Transgender Mother of 3 in Kentucky Stands Up Against Discrimination

Vanessa Gilliam • Louisville, KY

Vanessa Gilliam has long had dreams of working as a nurse, helping people who are sick and caring for people who need expert attention. “I like helping people, assisting people to help them live their lives longer and make more memories with their kids and grandkids,” Vanessa said. “I think that’s why we’re all put on this world.”

Her mother and sister are both registered nurses. “I always had an idea of being a nurse, but I guess I wasn’t 100% for sure until I started working in a hospital,” she said. “I knew then that this is what I was meant to do.”

Vanessa

That’s why Vanessa enrolled at the Galen College of Nursing in Louisville, Kentucky. She was engaged in her classes, working hard on her studies, and making friends in her program. Vanessa was steadily becoming more assured of herself. She had recently come to terms with being a transgender woman – living as female although she was born male – and with the greater confidence fueled by her successful studies, Vanessa came out at school, dressing as the gender with which she identified. She was ready to live the life she had always imagined for herself.

But during one of her first days of living openly at school as a woman, Vanessa was approached by school officials, who asked what Vanessa was doing. “I got a weird, awkward feeling,” Vanessa said. “She asked me to come into another room with her, and so I walked in and the first thing she said was that the reason they brought me in was my outfit. She said, ‘You’re a man dressed like a woman.’ I had to explain that I’m transgender – that I identify as a female.”

“You should be evaluated on your work – nothing else. If you’re at home with your family, your ethics are what’s important. Your integrity. Not what you wear or how you sound.”– Vanessa Gilliam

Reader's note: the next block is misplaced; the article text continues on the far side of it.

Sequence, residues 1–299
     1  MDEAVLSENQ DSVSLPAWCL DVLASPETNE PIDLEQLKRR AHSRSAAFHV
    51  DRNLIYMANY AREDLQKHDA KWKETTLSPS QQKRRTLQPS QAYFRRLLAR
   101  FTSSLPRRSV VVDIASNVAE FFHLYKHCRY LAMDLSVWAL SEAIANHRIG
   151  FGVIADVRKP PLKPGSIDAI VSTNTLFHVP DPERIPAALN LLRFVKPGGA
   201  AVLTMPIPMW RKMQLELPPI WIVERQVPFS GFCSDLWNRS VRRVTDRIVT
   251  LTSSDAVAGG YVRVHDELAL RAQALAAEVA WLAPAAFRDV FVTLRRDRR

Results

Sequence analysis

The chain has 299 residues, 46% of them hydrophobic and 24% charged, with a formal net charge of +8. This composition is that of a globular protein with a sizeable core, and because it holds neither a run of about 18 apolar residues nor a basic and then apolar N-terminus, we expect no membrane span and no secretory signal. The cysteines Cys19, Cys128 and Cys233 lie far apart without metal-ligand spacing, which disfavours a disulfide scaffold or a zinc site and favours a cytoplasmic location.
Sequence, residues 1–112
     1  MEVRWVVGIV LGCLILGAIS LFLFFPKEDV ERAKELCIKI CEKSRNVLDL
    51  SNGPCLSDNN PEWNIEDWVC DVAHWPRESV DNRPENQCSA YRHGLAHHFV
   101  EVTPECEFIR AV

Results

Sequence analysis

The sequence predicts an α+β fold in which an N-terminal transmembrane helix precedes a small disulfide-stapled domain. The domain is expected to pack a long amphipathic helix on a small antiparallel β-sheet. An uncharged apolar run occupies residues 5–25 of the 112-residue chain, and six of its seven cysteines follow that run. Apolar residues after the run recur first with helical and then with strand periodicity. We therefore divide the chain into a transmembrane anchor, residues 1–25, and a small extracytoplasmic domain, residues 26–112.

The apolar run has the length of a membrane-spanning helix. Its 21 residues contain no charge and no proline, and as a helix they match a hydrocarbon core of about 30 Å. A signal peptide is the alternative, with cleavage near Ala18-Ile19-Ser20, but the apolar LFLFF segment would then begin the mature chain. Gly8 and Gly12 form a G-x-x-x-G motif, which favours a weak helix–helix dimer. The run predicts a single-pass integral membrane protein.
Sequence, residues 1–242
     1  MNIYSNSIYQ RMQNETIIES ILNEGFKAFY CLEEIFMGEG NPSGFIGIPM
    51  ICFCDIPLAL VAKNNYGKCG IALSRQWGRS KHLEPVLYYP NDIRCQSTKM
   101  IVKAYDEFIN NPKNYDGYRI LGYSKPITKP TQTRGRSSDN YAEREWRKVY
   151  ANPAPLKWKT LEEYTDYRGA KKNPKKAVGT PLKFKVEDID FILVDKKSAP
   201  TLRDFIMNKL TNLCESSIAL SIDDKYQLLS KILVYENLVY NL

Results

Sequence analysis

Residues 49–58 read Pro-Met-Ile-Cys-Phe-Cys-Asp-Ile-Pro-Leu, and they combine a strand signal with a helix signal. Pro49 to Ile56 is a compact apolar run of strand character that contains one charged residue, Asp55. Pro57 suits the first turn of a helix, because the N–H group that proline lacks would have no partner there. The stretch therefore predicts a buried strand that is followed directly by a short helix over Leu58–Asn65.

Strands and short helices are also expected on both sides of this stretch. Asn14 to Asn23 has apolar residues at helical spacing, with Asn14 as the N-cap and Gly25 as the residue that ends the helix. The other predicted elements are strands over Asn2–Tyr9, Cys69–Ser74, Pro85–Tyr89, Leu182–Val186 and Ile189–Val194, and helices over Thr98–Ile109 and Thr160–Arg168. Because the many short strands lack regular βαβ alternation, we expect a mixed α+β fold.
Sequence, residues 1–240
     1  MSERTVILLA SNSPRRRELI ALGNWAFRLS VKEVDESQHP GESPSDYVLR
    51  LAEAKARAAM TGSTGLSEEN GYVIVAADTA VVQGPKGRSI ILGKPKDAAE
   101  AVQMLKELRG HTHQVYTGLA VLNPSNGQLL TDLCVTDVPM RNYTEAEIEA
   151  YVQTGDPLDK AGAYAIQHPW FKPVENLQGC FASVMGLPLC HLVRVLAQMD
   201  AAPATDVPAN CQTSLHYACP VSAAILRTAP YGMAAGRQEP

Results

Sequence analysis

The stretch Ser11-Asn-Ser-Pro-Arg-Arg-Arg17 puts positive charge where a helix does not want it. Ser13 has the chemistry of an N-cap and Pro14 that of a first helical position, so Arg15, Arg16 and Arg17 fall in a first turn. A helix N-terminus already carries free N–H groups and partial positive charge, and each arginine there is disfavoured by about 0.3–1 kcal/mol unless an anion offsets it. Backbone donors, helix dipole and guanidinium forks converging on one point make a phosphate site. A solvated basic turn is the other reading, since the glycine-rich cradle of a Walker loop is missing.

Vanessa was told that the faculty at school was disturbed that Vanessa used the restroom that matched her gender – and that they were also uncomfortable with the way Vanessa dressed. The college’s discrimination led to a months-long dispute with the school where Vanessa was simply trying to live her life and complete her studies. But the college created barrier after barrier.

Now, Vanessa and her attorneys – Shannon Fauver and Dawn Elliott at Fauver Law Office – have filed a legal case against the school, after weeks of discussions with the college to simply allow Vanessa to use the appropriate facilities. A decision from Equal Employment Opportunity Commission underscores that Vanessa should be able to do so, as the EEOC has determined that discrimination based on gender identity is covered under Title IX protections, which shield Americans from sex discrimination.

Beyond the legal case, Vanessa knows that she – and all LGBT people – do not have any statewide protections against discrimination in Kentucky. And nationwide, LGBT people are not federally protected by statute from discrimination in employment, housing and public spaces.

“A federal law would help,” Vanessa said about her situation. “A law would make things a lot easier – getting service, getting to use the right restroom. It would be a lot easier to say, ‘That’s my right.’ I would feel like I could finally live my life.”

Vanessa has always been taught that if you work hard and play by the rules, you should be treated fairly and given a fair shot in the United States. “You should be evaluated on your work – nothing else,” she said. “If you’re at home with your family, your ethics are what’s important. Your integrity. Not what you wear or how you sound.”

She cares for and is raising her three children. “My kids are amazing,” she said, smiling. “The boys are hugely supportive. Since I told them I am transgender, they said they already knew. They said it’s not a big deal.”

Vanessa said that while she is willing to fight for her rights in Kentucky – and federally – it shouldn’t be every LGBT person’s individual responsibility to fight legal battles. The laws in the state and nationwide should be updated to ensure that one thing is crystal clear: All people must be treated equally, and discrimination is unacceptable.

“I think everyone should stand up for themselves – but I don’t think everyone should have to stand up for themselves,” she said. “Everyone should be able to have a normal life. All I wanted to do was go to nursing school and be a nurse and go to work and raise my kids and be a parent. And now, because of these lack of protections, it’s ten times the struggle. I shouldn’t have to struggle because of who I am.”

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